The most important thing to remember is this: Lookup volunteers cannot do your research for you. What they can do is perform the service of locating an obituary for you given the necessary information.
Making a Lookup Request
Before submitting a lookup request, please read the steps below:
- First, take a few moments to
search the Web
to see if the obituary you're seeking has been posted on a message board
or published on a web site.
- Next, determine the location and exact date of death and verify your information. If you don't have this information it is unlikely that you will be able to get an obituary. There are a few exceptions to this rule; please refer to the
Date of Death
section for an explanation. There are many places you can search for the exact date of death; here are a few of them:
- Then, once you have the death date, if necessary
look up the county (for USA requests)
and then check the Obituary Lookup Volunteers index to find the web page for the
see if someone has signed up for the area you are interested in.
- If you find a volunteer, click on the Email link in his/her listing and send your request. Please follow these guidelines:
- If possible, use the Email link to send the message to the
volunteer. If the subject line in the resulting e-mail window isn't automatically filled in, please put the following information in the subject line: Obit Request/State-County: Example: Obit Request/MA-Suffolk.
(For non-US requests, use Obit Request/Country.) Without that subject
line, it's possible the volunteer will delete your message without reading it.
- Be sure to include at least the following information in the body of the e-mail message: the name of the individual, the date of death and the location.
- Don't send the request to the mailing list, as our listed volunteers
don't necessarily subscribe to the mailing list. Send the request directly to the volunteer.
- Although most volunteers are able to acknowledge requests quickly, sometimes it's necessary for requesters to be patient. Please wait two weeks for a response; if you don't receive one by then, send your request again in case there's been an e-mail problem. If you don't receive a reply within two weeks to your second message, then contact the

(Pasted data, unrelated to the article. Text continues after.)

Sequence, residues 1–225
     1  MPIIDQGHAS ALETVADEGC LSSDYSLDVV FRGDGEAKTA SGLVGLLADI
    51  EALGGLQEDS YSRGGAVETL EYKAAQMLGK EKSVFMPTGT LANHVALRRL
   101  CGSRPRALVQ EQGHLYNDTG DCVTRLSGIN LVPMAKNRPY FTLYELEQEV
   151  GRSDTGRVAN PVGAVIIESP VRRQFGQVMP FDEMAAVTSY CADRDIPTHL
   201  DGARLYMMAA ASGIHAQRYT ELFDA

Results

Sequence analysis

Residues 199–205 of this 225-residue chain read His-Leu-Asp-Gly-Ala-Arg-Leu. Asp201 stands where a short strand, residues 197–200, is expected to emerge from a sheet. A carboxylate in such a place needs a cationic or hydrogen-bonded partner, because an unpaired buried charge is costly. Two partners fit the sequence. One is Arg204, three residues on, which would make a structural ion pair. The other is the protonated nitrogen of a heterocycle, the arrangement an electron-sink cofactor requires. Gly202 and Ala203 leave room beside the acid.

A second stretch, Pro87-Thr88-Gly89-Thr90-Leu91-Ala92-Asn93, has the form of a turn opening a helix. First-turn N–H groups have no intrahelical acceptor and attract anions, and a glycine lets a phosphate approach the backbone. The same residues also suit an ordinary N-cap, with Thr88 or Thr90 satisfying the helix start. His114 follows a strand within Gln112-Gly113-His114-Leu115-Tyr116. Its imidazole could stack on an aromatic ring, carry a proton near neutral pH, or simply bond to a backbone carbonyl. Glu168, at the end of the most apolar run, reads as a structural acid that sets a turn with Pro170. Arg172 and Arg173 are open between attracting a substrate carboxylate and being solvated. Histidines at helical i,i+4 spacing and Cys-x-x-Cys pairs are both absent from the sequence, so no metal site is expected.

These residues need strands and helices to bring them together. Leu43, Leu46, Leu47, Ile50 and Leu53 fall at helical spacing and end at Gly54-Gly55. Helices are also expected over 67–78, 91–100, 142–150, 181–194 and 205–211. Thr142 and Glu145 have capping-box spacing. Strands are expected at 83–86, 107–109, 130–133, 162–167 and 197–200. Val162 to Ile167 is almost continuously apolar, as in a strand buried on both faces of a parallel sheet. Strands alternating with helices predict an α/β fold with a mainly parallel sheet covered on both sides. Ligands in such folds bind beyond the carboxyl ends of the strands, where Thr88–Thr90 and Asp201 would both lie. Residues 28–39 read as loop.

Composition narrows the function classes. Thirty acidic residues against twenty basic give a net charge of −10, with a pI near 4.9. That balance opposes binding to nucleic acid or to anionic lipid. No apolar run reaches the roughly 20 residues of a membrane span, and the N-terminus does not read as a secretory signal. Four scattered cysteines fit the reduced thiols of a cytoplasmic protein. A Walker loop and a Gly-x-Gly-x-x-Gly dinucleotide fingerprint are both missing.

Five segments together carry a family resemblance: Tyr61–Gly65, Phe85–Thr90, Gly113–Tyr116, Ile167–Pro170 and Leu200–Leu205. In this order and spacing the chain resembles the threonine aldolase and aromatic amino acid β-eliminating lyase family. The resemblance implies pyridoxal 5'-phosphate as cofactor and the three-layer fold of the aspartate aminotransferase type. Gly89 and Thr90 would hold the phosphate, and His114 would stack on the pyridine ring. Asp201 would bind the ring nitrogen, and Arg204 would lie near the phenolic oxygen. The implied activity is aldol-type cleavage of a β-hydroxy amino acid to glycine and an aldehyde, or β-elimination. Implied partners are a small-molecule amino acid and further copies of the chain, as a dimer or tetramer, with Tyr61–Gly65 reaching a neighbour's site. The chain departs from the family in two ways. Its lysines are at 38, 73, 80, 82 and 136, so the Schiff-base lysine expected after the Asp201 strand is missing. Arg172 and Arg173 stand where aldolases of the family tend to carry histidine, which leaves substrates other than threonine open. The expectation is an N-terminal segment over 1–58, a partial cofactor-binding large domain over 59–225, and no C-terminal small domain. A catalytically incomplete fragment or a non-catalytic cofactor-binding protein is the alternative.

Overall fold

- Please remember that volunteers are taking precious time
from their own schedules and research to help you. Although
many volunteers can do lookups right away, some may need more time to
schedule the trip to the library. The volunteer you've contacted
will inform you as to how long the lookup is likely to take.
- If you don't find a volunteer on the web page you can send a request to the OBIT-LOOKUPS-L Mailing List. Here are the rules for sending a query to the list:
- You must be subscribed to the list to send a query or request.
For more information on how to subscribe, see Obit-Lookups-L Mailing List.
- The subject line of the e-mail message must begin with the state and
county, for example MA-Suffolk or MA-Suffolk-Boston.
Otherwise most people on the list will delete your message without reading
it. [OBITL] will automatically be inserted at the beginning of the subject
- If someone decides to help you, he/she will e-mail you
directly. If you don't get any response it means that no one is available
to help you at this time. Since new listed volunteers are added every
week, check the web page periodically for a new volunteer in your area.
If no one has volunteered for your area, resubmit your request to the mailing list in a month.
- Finally, the most important thing to do is to properly thank any
volunteer who helps you with information or an obituary lookup. These
wonderful people have set aside time to help others and should be recognized for
- If there isn't a volunteer for an area, as a convenience we
sometimes provide links to newspaper archives, libraries, or genealogical/historical societies. In many cases, these resources charge nominal fees. Libraries may instead request donations, which help defray the cost of providing services to non-residents.
Additional Information about Requests
Example of a good request:
Could someone please look for an obituary for the following person:
John Anderson, died 10/12/1890 in Chicago, IL
wife was Margaret Allen Anderson
Example of an unreasonable request:
SUBJECT: John ANDERSON
I need an obituary for the following person; I don't know when he died.
John ANDERSON, died sometime after 1900 in New York City.
If you can't find the exact date of death:
If you have exhausted all your resources without finding an exact death date, check the volunteer's listing. If it does not say "exact date required," then you can check with the volunteer to see if he/she is able to do the lookup anyway.
Some libraries have an obituary index, a death index or a cemetery index, but
this is the case only some of the time. If an index exists it will
probably be listed on our web page for that location. If you happen to
find one that we don't have listed, please
let us know
about it. You can always ask the volunteer if there is an index.
If you have the month and year but not the exact date, please remember if there is no index, starting with just the month and year can mean a lookup in over thirty issues of a daily newspaper. In that case, a busy volunteer may be unable to help you.
Please do your part and volunteer some time:
For all of the volunteers who have already signed up to help, thank you very much for your generosity. For those who have not yet signed up, please consider devoting just a few hours a month to this project. Even one or two lookups a month are a great help to someone.